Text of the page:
Crippled with drought and ravaged by fire, it's no surprise that 2019 will go down as Australia's warmest and driest year on record.
The official figures in the Annual Climate Statement released by the Bureau of Meteorology (BoM) on Thursday showed Australia's average mean temperature in 2019 was 1.52 degrees Celsius above average, while the national average rainfall total fell to just 277 mm.
"2019 was consistently warm, but it was book-ended by periods of extreme heat," BoM head of climate monitoring Karl Braganza said.
"January last year was the warmest month Australia has ever recorded, while just a few weeks ago in December, we saw the Australia-wide record hottest daily average maximum temperature broken multiple days in a row."
"At the same time, rainfall deficiencies across large parts of eastern Australia have continued to increase, unfortunately exacerbating both drought conditions and the current bushfires."
With consistent record-keeping beginning in 1900, Braganza explained that Australia's extreme weather in 2019 was being driven by a range of factors.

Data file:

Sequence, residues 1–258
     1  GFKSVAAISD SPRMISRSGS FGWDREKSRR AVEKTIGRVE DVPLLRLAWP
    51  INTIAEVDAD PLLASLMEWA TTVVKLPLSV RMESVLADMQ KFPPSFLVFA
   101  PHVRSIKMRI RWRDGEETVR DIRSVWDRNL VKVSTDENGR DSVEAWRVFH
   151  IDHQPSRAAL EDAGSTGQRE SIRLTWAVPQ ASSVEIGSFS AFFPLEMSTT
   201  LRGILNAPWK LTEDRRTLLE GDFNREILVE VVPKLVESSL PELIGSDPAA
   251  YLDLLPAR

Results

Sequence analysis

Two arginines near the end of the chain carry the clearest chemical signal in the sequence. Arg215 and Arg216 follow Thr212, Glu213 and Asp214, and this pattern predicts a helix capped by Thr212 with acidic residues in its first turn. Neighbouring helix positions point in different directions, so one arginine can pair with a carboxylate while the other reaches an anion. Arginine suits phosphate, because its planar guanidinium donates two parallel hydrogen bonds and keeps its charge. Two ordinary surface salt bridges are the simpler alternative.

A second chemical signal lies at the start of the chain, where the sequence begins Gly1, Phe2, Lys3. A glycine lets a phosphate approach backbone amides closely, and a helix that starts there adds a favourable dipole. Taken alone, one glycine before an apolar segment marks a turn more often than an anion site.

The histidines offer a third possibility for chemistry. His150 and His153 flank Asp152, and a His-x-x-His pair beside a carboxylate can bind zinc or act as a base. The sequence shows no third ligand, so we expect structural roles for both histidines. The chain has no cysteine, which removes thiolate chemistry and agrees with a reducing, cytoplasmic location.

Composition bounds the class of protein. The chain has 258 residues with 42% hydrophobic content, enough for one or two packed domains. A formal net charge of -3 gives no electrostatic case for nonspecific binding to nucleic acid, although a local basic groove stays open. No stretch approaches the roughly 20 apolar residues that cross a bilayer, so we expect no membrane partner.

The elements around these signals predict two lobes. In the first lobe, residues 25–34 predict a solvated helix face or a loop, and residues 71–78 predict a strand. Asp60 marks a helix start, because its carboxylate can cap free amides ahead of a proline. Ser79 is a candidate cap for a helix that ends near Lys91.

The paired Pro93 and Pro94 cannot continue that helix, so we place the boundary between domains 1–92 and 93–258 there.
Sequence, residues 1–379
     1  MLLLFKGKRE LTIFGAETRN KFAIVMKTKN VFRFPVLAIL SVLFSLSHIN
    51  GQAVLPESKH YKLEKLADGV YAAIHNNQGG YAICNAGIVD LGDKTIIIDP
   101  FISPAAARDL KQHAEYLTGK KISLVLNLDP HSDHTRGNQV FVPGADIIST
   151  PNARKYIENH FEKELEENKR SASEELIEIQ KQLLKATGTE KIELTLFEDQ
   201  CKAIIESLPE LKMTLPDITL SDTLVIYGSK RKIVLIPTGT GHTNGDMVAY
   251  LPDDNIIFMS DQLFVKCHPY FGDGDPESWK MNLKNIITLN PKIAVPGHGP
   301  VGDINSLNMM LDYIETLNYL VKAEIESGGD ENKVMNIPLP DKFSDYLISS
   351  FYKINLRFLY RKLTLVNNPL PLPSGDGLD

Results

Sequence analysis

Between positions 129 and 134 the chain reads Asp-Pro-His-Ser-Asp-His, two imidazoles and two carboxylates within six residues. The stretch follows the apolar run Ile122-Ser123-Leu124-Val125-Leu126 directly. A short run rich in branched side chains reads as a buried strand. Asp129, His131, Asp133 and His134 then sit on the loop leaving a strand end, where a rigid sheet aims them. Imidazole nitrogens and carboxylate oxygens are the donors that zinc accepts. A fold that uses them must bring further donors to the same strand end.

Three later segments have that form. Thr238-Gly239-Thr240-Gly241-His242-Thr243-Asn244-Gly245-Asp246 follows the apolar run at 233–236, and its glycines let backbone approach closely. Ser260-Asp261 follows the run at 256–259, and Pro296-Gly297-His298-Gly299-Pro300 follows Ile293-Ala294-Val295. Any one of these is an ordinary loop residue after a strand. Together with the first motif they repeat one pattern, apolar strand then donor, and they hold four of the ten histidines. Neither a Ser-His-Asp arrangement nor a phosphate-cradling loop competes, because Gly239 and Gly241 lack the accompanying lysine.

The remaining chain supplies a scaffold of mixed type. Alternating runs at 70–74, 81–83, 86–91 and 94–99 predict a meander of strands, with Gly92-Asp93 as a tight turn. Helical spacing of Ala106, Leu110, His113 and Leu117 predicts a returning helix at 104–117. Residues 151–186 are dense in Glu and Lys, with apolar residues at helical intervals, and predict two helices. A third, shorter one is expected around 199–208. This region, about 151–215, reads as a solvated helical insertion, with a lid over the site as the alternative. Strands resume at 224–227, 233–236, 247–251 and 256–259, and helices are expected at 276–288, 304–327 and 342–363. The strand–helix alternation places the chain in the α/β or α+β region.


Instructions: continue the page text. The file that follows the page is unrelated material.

"Most of this year, Australia's climate has been dominated by a very strong positive Indian Ocean Dipole, which acted to both warm and dry Australia's landscape, particularly from around the middle of the year," he said.
"We also saw the influence of a rare Sudden Stratospheric Warming event high above the south pole, which acted to push our weather systems northward and compound the warmer and drier than average conditions over southern Queensland and New South Wales during spring, amplifying the fire weather.
"The other key factor at play is that Australia's climate has warmed by more than a degree since 1910, which means very warm years like 2019 are now more likely to occur."
But as well as bushfires and extreme heat, in some parts of Australia there was another danger -- flooding.
"In January and February, we saw exceptional rainfall have a major impact on communities in northern Queensland, particularly around Townsville," Braganza said.
"The flood waters were so significant they eventually made their way to South Australia, where we saw one of the largest fillings of Kati Thanda-Lake Eyre in many years."
When it comes to the forecast for 2020, Braganza said unfortunately the outlook is not indicating a widespread return to wetter-than-average conditions over drought and fire affected parts of eastern Australia.
"But with the likely return of the monsoon by mid-January for northern Australia, it raises the chances that we could see some periods of higher rainfall move south in the coming months," he said.
"It's important the community remains vigilant to the risk of more heat and fire days this summer, particularly given how dry the country has been over the past 12 months."